3 April 2000.
Editorial opinion expressed on this site is unbiassed by any advertising dollar.



The failure of the Australian Government to legalize handguns has produced more fatalities, this time two barmaids (Perri Stratton and Rachael Merlow) in Queensland.   Victim Rachael knew that her ex was coming to kill her, but when asked the police said that they could do nothing "because there were no witnesses to the threat".  The failure of the federal government's gun restriction policy is highlighted by the use of an illegal semi-automatic rifle by the murderer.

It is just not good enough for the government to steal our civil liberties when that theft results in the death of the innocent at the hands of the guilty.  How many times must the "nobrain" solution, that "we can stop rape, murder and armed violence by making guns illegal" be disproved?

  1. Does anybody seriously believe that the gun laws stop a criminal bent on crime from obtaining a handgun or semi-automatic weapon?
  2. Does anybody doubt that a handgun is chiefly the weapon of the weak?  The strong have no need of weapons, they can use their strength.  That is why a gun is called an "equalizer".
  3. Does anybody doubt that law abiding people who become "at risk" have difficulty finding an equalizer?  In NSW it is illegal to carry even a pen knife to fend off an attacker.
Of course if a politician or someone important is at risk, then the police would be available to sort the matter out.  It is only the weak and powerless that have a need for a gun to defend themselves.


When the first fleet arrived in Australia in 1888, one of the diarists noted that the Aborigines seemed to make an art form of spinning tall stories.

In the year 2000, dissemination is still an aboriginal art form, although most Australian journalists do not seem aware of that fact.  The journalist promulgated notion that "Aborigines have a spiritual connection with the land", and that "they could never buy and sell land like white men" has by now been thoroughly discredited, most recently by the sale of aboriginal land worth many millions of dollars for residential development in the centre of Ku-Ring-Gai national park in Sydney's exclusive North Shore.

One of the most recent tales promulgated has been that of "the stolen generation", an attempt by journalists to help fringe Aboriginal activists win sympathy and compensation from the mass of Australian taxpayers.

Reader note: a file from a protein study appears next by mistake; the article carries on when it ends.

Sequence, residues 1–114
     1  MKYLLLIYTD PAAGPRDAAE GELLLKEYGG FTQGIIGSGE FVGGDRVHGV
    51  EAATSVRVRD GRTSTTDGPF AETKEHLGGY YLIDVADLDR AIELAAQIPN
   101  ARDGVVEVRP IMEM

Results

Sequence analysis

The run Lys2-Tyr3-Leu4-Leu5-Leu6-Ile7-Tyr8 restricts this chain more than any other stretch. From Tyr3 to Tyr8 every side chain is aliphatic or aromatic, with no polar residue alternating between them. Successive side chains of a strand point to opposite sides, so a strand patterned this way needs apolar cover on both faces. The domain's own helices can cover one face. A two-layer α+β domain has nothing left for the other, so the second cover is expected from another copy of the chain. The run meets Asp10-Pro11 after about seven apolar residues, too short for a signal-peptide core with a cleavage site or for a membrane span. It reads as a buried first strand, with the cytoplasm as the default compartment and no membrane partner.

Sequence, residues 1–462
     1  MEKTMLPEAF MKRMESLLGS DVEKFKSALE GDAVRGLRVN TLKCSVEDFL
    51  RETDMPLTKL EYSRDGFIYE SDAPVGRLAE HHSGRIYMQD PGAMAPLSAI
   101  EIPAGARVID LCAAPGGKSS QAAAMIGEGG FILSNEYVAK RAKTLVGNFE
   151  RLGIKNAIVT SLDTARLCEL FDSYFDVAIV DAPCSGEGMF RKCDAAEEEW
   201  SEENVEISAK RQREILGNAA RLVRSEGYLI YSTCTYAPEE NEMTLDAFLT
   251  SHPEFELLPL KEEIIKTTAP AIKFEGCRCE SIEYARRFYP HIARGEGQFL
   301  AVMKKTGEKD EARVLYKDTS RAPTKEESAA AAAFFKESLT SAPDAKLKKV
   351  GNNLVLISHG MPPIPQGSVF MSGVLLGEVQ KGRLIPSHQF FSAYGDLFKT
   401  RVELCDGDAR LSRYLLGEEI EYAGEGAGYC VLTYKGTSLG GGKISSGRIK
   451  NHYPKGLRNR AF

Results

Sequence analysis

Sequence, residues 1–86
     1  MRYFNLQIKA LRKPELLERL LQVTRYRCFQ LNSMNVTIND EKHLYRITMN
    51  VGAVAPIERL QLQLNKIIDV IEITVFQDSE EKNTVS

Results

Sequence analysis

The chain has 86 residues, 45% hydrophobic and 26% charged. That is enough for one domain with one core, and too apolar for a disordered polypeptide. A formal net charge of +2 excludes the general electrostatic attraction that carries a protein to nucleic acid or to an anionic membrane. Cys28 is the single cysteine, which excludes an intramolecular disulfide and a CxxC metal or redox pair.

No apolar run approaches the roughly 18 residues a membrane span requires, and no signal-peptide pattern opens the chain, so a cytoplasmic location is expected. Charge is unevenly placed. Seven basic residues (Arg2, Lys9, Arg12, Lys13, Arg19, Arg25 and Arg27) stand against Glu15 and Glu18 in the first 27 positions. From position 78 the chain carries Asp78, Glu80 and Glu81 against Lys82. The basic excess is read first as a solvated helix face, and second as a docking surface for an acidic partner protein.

There has recently been a massive vilification of Prime Minister Howard who pointed out that it was not a generation (i.e. 100% of children in an age group) that was institutionalized.  The most generous estimate indicates that considerably less than 10% of children were removed from their homes, and that 10% includes those that were institutionalized for good cause (child abuse etc).  The mass of Australian people do not seem quite as impressed by our elitist opinion moulder's argument, at least if the underwhelming support on talkback shows is any indication.

Another attack by elitist journalists on the Howard Government has been the attempt to force federal intervention in the state's crime and punishment process.  The states of Western Australia and the Northern Territory have recently enacted legislation prescribing penalties for crimes, thus reducing judicial diccretion.  The print journalists have claimed that this is discriminatory, because a disproportionate number of Aborigines are convicted.  They completely ignore the fact that before the legislation, the same proportion of Aborigines were convicted of the same crimes.

Only the certainty of punishment has changed.



Now that Microsoft has been found guilty of depriving Netscape of it's fair market share, we can expect a claim from the Netscape stockholders before it was sold to AOL for damages.  SPIN believes that damages of the order of one hundred billion dollars ($100,000,000,000.00) are in order, or about one third to one fifth of Microsoft stock.

Bill Gates can be expected to scream, but really, he was behaving like a schoolyard bully, and he deserves to lose every penny of the suggested ONE HUNDRED BILLION DOLLARS.

(That is not a misprint, ONE HUNDRED BILLION DOLLARS.)

This page published during the week starting 3 April 2000.